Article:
3:22 “And whatever we are requesting, we are receiving from Him, because we are keeping His commands and we are doing the acceptable things before Him.”
Whereas the previous verses emphasized the word “know,” these next few verses emphasize the word “command.” Not only is the knowledge and reassurance of the truth an assurance that brings confidence before God, but keeping the commandments results in receiving what we ask (v.22) and in mutual abiding in God (V.24).
It is true that I am more inclined to fulfill the request of one of my children when they have been obedient to me and seeking to please me than when they are being disobedient and obnoxious. Furthermore, when we are seeking to obey and please God, we won’t be asking Him for the wrong things.
Westcott (119) says, “The sole object of the believer is to do thoroughly the part which has been assigned to him: his petitions are directed to this end and so are necessarily granted.” John Piper expounds on this in the second chapter of his book Let the Nations Be Glad:
God has designed prayer as a strategic tool for the building of His Kingdom in the midst of a spiritual war, not as an “intercom” to request luxuries from the comfort of your couch at home! God gives a command for us to execute and He expects us to use our “wartime walkie-talkie of prayer to get what we need to fulfill His command.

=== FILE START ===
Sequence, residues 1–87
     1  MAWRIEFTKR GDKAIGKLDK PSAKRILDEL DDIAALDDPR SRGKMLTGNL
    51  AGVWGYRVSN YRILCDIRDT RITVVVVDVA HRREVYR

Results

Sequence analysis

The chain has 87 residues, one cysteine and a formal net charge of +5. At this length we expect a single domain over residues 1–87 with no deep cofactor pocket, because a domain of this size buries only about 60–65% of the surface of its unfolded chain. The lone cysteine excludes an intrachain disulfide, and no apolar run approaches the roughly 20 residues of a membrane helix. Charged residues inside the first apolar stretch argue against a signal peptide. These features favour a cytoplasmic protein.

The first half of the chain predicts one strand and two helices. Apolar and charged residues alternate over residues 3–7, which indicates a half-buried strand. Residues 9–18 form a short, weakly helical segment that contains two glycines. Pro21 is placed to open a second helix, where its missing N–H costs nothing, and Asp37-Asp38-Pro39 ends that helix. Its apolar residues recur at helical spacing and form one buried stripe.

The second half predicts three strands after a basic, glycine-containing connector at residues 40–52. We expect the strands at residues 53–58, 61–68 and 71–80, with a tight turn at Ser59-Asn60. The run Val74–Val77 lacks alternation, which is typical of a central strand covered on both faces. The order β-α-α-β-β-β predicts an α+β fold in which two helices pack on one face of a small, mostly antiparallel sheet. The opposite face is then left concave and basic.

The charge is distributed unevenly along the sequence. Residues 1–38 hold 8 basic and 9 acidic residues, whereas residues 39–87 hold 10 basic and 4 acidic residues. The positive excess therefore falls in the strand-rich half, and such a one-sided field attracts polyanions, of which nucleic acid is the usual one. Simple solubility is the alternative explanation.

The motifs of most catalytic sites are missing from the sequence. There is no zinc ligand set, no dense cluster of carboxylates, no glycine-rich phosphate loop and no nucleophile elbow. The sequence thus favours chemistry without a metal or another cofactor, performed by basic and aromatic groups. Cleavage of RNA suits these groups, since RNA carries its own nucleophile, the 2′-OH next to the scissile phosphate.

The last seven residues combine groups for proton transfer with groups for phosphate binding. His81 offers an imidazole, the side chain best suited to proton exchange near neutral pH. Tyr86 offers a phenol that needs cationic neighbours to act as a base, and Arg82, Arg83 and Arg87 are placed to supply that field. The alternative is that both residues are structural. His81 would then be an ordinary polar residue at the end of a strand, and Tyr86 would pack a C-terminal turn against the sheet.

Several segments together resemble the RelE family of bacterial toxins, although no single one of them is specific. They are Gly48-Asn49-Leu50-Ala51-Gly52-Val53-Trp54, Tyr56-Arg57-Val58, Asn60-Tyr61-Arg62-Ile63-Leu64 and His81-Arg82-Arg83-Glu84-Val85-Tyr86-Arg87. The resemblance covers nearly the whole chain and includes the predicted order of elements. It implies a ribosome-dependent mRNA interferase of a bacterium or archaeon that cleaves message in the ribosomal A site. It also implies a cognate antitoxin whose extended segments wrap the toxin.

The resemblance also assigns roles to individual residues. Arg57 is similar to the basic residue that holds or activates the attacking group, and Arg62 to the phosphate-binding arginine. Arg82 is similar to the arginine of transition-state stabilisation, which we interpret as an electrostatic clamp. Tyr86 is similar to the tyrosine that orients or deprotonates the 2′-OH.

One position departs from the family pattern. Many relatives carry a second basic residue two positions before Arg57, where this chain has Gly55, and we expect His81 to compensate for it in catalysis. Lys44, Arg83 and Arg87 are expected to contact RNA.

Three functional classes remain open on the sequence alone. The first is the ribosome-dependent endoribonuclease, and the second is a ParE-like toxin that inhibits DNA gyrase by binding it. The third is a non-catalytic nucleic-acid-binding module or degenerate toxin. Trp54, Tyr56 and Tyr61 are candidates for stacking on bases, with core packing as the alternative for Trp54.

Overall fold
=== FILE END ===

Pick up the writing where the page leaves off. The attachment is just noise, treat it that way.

Sublett notes (91) that the unqualified “whatever we ask” in this passage is qualified later in 5:15 as “whatever we ask according to His will.”
Although the parallelism “keep His commandments” and “do what is pleasing” could be written off as Hebraistic parallelism, Westcott (119) notes different shades of meaning: “Under this twofold aspect, right action is presented both as a work of obedience and as a work of freedom, as enjoined and also as spontaneous.”
In other words, our relationship with God is not merely rules that we obey, but a living relationship where we go beyond mere letter of the law to joyfully fulfill the spirit of the law too, consumed with pleasing God. The verb “keep” connotes an alertness, a watchfulness, even guarding–not just mechanistic obedience. The phrase “the acceptable things before Him” is speaking of plural “things” and apparently carries the connotation of “Divine regard” (Hanna 436/Westcott 119) and so is well-translated by the KJV and NAV “the things that are pleasing in His sight.”
By Nate Wilson.